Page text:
Colombian researchers performed a recent study, outlined in ‘Formulation and Characterization of a SIS-Based Photocrosslinkable Bioink,’ explaining the possible value in crosslinking to create better materials for 3D printing cells. Here, they are using small intestinal submucosa (SIS) with photocrosslinked reactions to manipulate the gelation process, despite some expected challenges.
While the use of natural materials is always preferable, the researchers point out that they can also be difficult to work with due to lack of strength and stability. In the end that leads to inferior printability and further challenge.
“An avenue through which to overcome these issues is to mix them with synthetic polymers such as polyethylene glycol (PEG), polylactic acid (PLA), and polycaprolactone (PCL), which have demonstrated their ability to alter the mechanical response upon blending,” state the researchers. “Additionally, they have been proven able to shorten degradation rates, though at the expense of decreasing their biocompatibility.”
The authors also began to study decellularized extracellular matrices (dECMs) further, as they have the potential to copy the natural cellular environment. dECMs include the following proteins:
- Growth factors
dECMs are not always stable though, and that presents challenges in bioprinting:
“Despite these obstacles, several research groups worldwide have attempted the development of bioinks based on dECMs,” state the researchers. “For inducing gelation, these studies have incorporated thermally-induced or photocrosslinking mechanisms, as well as a combination of the two.”
“Despite the crosslinking strategy implemented, the achieved mechanical stability has been observed to still not be sufficient, thereby requiring the use of synthetic materials as structural improvement supports.”
UV light has been used previously to increase the bioink stiffness in photocrosslinking, and for this study the authors experimented with the SIS dECM-based materials, using riboflavin (RF) as a photoinitiator. Visible light was used for the photocrosslinking. The research team created four different types of bioinks, with successful printability.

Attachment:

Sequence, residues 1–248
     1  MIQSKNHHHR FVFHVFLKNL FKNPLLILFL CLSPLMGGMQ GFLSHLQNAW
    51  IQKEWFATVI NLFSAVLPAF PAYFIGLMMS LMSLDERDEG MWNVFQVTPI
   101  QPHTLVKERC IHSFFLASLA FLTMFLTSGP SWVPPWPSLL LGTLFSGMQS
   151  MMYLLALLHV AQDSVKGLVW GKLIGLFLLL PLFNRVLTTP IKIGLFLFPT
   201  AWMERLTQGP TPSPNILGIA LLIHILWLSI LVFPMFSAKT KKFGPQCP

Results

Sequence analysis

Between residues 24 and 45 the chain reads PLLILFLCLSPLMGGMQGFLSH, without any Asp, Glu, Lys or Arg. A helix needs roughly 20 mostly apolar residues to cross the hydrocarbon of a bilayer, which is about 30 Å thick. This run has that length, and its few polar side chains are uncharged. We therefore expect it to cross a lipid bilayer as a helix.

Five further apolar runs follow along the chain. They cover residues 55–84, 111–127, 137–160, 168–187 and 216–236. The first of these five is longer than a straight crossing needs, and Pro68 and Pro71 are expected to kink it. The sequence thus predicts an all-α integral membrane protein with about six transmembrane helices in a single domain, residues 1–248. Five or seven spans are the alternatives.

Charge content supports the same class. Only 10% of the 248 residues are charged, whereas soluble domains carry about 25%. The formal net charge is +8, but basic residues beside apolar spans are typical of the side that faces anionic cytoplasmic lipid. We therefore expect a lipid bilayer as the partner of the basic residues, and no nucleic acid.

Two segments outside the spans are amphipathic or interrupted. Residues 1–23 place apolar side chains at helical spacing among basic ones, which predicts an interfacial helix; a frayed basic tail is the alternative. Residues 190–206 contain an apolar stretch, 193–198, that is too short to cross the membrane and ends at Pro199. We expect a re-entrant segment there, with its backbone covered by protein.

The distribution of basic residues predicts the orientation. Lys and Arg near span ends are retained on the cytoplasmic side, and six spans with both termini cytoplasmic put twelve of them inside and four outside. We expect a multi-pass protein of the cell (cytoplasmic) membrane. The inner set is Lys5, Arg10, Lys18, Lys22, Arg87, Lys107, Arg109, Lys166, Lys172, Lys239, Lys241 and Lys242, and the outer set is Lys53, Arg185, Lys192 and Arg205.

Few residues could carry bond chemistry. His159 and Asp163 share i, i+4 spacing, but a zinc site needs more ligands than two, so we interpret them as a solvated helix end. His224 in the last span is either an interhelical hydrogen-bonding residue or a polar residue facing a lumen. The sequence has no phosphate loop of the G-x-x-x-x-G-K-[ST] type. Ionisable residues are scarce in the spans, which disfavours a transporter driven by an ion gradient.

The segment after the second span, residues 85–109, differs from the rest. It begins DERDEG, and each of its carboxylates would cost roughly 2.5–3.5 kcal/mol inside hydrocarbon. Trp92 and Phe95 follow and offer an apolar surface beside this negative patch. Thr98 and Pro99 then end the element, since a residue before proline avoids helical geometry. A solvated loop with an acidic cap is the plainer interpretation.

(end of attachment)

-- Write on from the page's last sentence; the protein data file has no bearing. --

“Our experiments suggest that a successful extrusion can be accomplished while the pressure is maintained in the range 25–45 kPa,” stated the researchers.
They also went on to state that these bioinks demonstrate strong mechanical properties that could ensure success in bioprinting endeavors—following in line with previous research studies where crosslinking resulted in excellent printability parameters, as well as offering better integrity in shape.
“Further in silico experiments allowed us to calculate a stability parameter that provided conceptual evidence for the aggregation of collagen in times as short as 5 s,” concluded the researchers. “Finally, rheology tests allowed us to recover power law parameters for CFD simulations that confirmed shear stress values low enough to maintain high cell viability levels.
“Future work will be focused on reformulating the bioink with the aid of synthetic polymers and/or thermal processing such that collagen fibers remain in an extended state and are readily accessible to the photoinitiated molecules.”
The study of materials in 3D printing has become a vast realm, and a necessary one for those dedicated to such progressive fabrication techniques. It is also a very serious area of study for scientists engaged in seeking out the best ways to grow tissue in the lab, with the potential for making serious impacts in medicine.
Researchers around the world are on an intense journey to perfect bioprinting, and eventually, reach the pinnacle of success in fabricating human organs. The challenge today, as tissue engineering results in a variety of different implants, is to keep cells alive to serve their function in bioprinting. This means seeking out the best bioprinted structures to build, bio-inks, printers, and techniques. Find out more about photocrosslinkable inks here. What do you think of this news? Let us know your thoughts! Join the discussion of this and other 3D printing topics at 3DPrintBoard.com.[Source / Images: ‘Formulation and Characterization of a SIS-Based Photocrosslinkable Bioink’]
You May Also Like
3D Printing for COVID-19, Part Five: Face Shields and Masks
As a hospitalist mentioned in a previous post on the efforts of 3D printing companies to address the coronavirus outbreak, some 3D-printed parts may be safer and easier to deploy....
3D Printing for COVID-19, Part Three: Open Source Ventilators
Since the initial news flurry about how a network of Italian 3D printing users came to the rescue of a hospital on the front lines of the COVID-19 outbreak in...
3D Printing for COVID-19, Part Four: Corporate Partners
As small 3D printing businesses and individual users jump at a chance to support efforts to manufacture critically needed medical supplies, larger corporations also see opportunities to lend aid. Among...
3D Printing COVID-19: First Do No Harm
We must be mindful that just because we can make a design that this design is not necessarily the right one. While I’m buoyed by the 3D printing industry’s efforts...
View our broad assortment of in house and third party products.